A Place To Bury Strangers: And I'm Up
A Place To Bury Strangers interweave threads of krautrock, dream-pop, and 80s goth without ever losing the edge that is quintessentially Strangers. Unhinged dissonance is artfully framed within a fiercely dynamic and assured melodic sensibility. Here "And I'm Up," a highlight from the band's 2012 intense Worship, is paired with unreleased "Don't Stop."
The Luyas: Animator
Recorded and produced at the Treatment Room by band member and experimental brass player Pietro Amato and mixed by Jace Lasek of the Besnard Lakes at his Breakglass Studios in the band?s hometown of Montreal, Animator is a cathartic sophisticated collection of songs. As melodically compelling as it is artistically rich, Animator is intuitive, seductive, moody and textural. It slowly unfolds its beauty and trusts the listener to stay with it.
Nurses: Apple's Acre
To immerse yourself in Nurses' Apple's Acre is to delight in a certain mental unraveling. These are songs where the vulnerability of pop with its heart on its sleeve engages in a double-dutch jumprope match with the euphoric surrender-to-the-weird that is essential to psychedelia. And Nurses is a band that scavenges beauty and wonder, uncovering Technicolor where others see somber hues. Their off-kilter psych-pop is driven by ever-swelling vocal harmonies, adventurous electronics, some serious wheelin' and dealin' on the Rhodes piano, and the kind of new-primitivist percussion that may or may not involve a standard drum kit. Apple's Acre is a record full of dysfunctional, hushed love, laced with elegance and grace and without angst and regret. But the plain courage of their songs is the secret ingredient that's already turning heads and blowing minds all over the Northwest--and if you think about it, in pop music, courage is always at a premium. Fans of Yeasayer, Deerhoof, Danielson and wild minded pop music should pay close attention.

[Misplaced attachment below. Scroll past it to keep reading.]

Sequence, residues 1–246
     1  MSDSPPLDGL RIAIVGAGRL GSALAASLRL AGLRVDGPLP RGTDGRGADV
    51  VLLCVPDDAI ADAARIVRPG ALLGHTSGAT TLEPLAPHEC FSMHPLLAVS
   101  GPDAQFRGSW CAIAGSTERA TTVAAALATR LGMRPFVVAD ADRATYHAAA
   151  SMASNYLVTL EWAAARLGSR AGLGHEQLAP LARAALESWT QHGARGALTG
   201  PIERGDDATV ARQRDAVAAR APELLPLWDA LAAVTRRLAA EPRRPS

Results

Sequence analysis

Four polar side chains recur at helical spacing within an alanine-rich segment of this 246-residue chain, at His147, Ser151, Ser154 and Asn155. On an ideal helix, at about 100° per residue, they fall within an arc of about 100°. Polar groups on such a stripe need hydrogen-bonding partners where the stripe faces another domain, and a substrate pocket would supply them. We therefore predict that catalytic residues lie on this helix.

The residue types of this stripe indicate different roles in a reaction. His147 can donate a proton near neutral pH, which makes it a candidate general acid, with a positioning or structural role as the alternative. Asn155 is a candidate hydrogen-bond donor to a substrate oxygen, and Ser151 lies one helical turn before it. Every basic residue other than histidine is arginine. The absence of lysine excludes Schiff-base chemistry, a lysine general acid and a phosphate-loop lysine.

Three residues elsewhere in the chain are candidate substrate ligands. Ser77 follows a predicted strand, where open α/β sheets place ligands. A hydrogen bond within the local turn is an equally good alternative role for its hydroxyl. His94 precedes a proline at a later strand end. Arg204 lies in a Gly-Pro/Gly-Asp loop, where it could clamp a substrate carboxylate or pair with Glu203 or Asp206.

Donkeys, The: Born With Stripes
San Diego's The Donkeys strike a balance of smiling, surfer mysticism and winking, slacker mystique. They reanimate the charming hallmarks of sunshine-rock past without being sepia-toned retro or bubblegum-cloying. There is an innate playfulness and honesty to the music they make. It's a dynamic that has made public champions of keen-eared musicians like John Darnielle (Mountain Goats) and Craig Finn (The Hold Steady). It was Darnielle who claimed The Donkeys were benevolent keepers of what he called "The Antidote" to an unnamed sickness plaguing indie rock. We liked that sentiment a great deal. Born With Stripes is an altogether less twangy affair than the band's 2008 Dead Oceans debut, Living On The Other Side. The nods to Grateful Dead and Buffalo Springfield are better balanced with echoes of other Cali arists, notably Pavement and Beck. The country-rock flairs are often overtaken by powerpop hooks. "Ceiling Tan," feels like a lost weekend in Tijuana with Mutations and Crooked Rain, and may well be the band's mission statement. "I Like The Way You Walk" also cops a 90s' alt-rock lick, but ditches any esoterica for earnest yearnings and sweet nothings. However, as all four Donkeys shout-sing "Love you with all my heart!" to close out the tune, one gets the sense it's less a love song than a lament.